The Browning M1919A4

The Browning M1919 is a medium machine gun used by all US military personnal in World War II. It was commonly called the ".30 Cal" as it shot the .30-06 round. It was designed to replace the heavier M1917. Browning Machine Gun used in First World War. The gun was mounted on a tripod, and used on military vehicles like jeeps, planes, and tanks. The Browning M1919 could shoot around 550-600 Rounds per Minute (RPM). It is an air-cooled machine gun, meaning the barrel cools down using fresh air, making the gun more lighter. However, the Browning's barrel could overheat and break the gun. This also meant that the machine gun couldn't be fired on the move, as if one was to touch the barrel, they would get severly burned. It is recoil operated, meaning the gun uses recoil force to make the gun automatic. It is belt fed, meaning it uses bandolier strips as a "magazine". The bandolier could be as long as one could want it. The Browning M1919 served up to Vietnam, where it was replaced by the M60 for the US. However, other countries such as Israel uses it chambered for the 7.62 NATO round. ==History (1919A4)== The Browning M1919A4 was a post World War I project designed for famous gun designer, John Browning. Browning's previous machine gun, the M1917, was reliable, but too heavy.
Browning M1919
Browning designed many types of his new machine gun. When he designed the M1919A4, it was accepted into the military as a medium machine gun. It was used by all U.S. personnel during World War II. It first saw use past the battle of Guadalcanal in the Pacific, where most Marines used the older M1917. What was unique during the Pacific War was that most soldiers would use a device called a "bale", to hold the barrel while shooting and moving at the same time. This however prevented aiming down the sights, making "hip-firing" the only option. The M1919A4 was also mounted on airplanes, tanks, and jeeps, this led to vehicle specific designs for the gun.The M1919A4 still saw use on U.S. PBR's, and chambered the new 7.62mm NATO round. The gun is still in use today, but by countries outside the US. ==The Browning M1919A6==

The Browning M1919A6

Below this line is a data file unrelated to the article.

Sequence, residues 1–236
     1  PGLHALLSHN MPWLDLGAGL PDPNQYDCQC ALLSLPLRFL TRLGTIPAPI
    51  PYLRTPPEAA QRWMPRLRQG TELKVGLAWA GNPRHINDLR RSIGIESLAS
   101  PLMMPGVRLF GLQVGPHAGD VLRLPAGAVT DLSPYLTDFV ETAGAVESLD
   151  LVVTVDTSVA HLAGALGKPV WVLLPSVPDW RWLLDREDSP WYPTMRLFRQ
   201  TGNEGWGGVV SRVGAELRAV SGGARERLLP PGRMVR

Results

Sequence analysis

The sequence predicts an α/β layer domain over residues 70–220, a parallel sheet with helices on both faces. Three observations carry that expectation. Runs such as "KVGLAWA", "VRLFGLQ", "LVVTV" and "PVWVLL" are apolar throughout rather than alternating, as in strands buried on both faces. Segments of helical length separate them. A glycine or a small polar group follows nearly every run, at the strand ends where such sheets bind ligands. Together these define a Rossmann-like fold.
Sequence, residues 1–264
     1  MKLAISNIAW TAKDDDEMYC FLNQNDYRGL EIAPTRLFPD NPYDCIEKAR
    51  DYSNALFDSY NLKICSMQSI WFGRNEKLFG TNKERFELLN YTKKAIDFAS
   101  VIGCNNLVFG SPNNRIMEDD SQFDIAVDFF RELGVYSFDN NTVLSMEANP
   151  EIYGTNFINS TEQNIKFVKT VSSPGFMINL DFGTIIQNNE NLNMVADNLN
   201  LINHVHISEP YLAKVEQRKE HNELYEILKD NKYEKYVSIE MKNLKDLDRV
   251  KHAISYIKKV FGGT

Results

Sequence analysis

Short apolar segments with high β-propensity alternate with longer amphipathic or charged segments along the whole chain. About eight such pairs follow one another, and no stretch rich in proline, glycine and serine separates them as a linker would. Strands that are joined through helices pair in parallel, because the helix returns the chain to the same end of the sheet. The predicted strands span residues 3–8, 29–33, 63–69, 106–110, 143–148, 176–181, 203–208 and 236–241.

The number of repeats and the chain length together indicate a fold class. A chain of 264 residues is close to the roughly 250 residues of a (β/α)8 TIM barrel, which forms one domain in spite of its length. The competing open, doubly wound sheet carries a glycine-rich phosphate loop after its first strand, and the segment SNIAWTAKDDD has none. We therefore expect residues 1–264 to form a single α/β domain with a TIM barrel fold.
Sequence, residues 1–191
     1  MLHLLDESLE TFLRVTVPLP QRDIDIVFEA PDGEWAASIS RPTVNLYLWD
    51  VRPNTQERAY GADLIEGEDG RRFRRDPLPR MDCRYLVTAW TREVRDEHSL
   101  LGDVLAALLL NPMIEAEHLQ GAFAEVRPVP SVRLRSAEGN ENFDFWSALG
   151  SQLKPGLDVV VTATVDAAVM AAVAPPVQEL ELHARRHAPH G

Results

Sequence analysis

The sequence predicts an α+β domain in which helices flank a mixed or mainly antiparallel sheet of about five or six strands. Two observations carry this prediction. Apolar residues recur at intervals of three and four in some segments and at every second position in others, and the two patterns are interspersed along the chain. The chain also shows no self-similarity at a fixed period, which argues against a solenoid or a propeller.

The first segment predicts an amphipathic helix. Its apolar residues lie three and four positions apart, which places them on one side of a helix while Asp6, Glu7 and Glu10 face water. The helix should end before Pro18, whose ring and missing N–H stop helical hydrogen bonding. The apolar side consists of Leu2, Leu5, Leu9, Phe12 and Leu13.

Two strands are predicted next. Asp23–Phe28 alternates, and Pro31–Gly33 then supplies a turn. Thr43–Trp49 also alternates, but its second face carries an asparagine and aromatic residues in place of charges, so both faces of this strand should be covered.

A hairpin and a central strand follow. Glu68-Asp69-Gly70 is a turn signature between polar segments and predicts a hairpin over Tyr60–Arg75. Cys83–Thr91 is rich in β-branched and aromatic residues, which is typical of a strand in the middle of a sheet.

A later model was produced called the Browning M1919A6. This new Browning had a bipod, instead of a tripod, a full buttstock for better accuracy, and a carrying handle, for moblie fire power. The gun also had a lighter barrel, while still maintaining the same rate of fire, caliber, and feeding system as the Browning M1919A4. This gun was an attempt to make an American Version of the German MG34, and MG42, as they could be deplyed as either a light or medium machine gun (dubbed "universal machine gun"). The M1919A6 was mostly used in Europe, however, the M1919A6 didn't provide the reliability of the MG34 and 42, and was too heavy to be a mobile machine gun, like the B.A.R. The gun proved to be disappointing, and it saw not nearly as much use as the Browning M1919A4. However, both the A4 and A6 saw use in World War II. Both were replaced as the medium machine gun by the Vietnam War. It was replaced by the lighter, more reliable M60. ==Band of Brothers== Both the Browning M1919A4 and M1919A6 is seen in Band of Brothers. It is Easy Company's medium machine gun. The M1919A4 is seen in every episode, while the A6 is first seen in Epidsode 5, "Crossroads". The M1919A4 is dubbed the "30 Cal" or simply "the 30". It is seen in the hands of "Smokey" Gordon and Alton More, and sometimes Joe Liebgott. The M1919A6 is mainly in the hands of "Pat" Christenson and Joe Leibgott. Both guns have the same firing sound, as both guns, are essentially the same when it comes to fire rate, caliber, and operation, despite the outward appearances. The M1919A4 is also seen on most jeeps that the company drive in. ==Gallery== Bob519192.jpg|Smokey Gordon and Alton More set up the Browning M1919A4 GordonM1919.jpg|Smokey and Alton fire the M1919A4 during the Battle of Carentan GordonMoreM1919.jpg|Gordon and More begin to fire the M1919A4 during the counter-attack at Carentan Bob619192.jpg|Pat Christenson with the M1919A6 during the patrol Bob819191.jpg|Joe Leibgott firing the M1919A6 during the POW capture. Bob519195.jpg|Christenson firing the M1919A6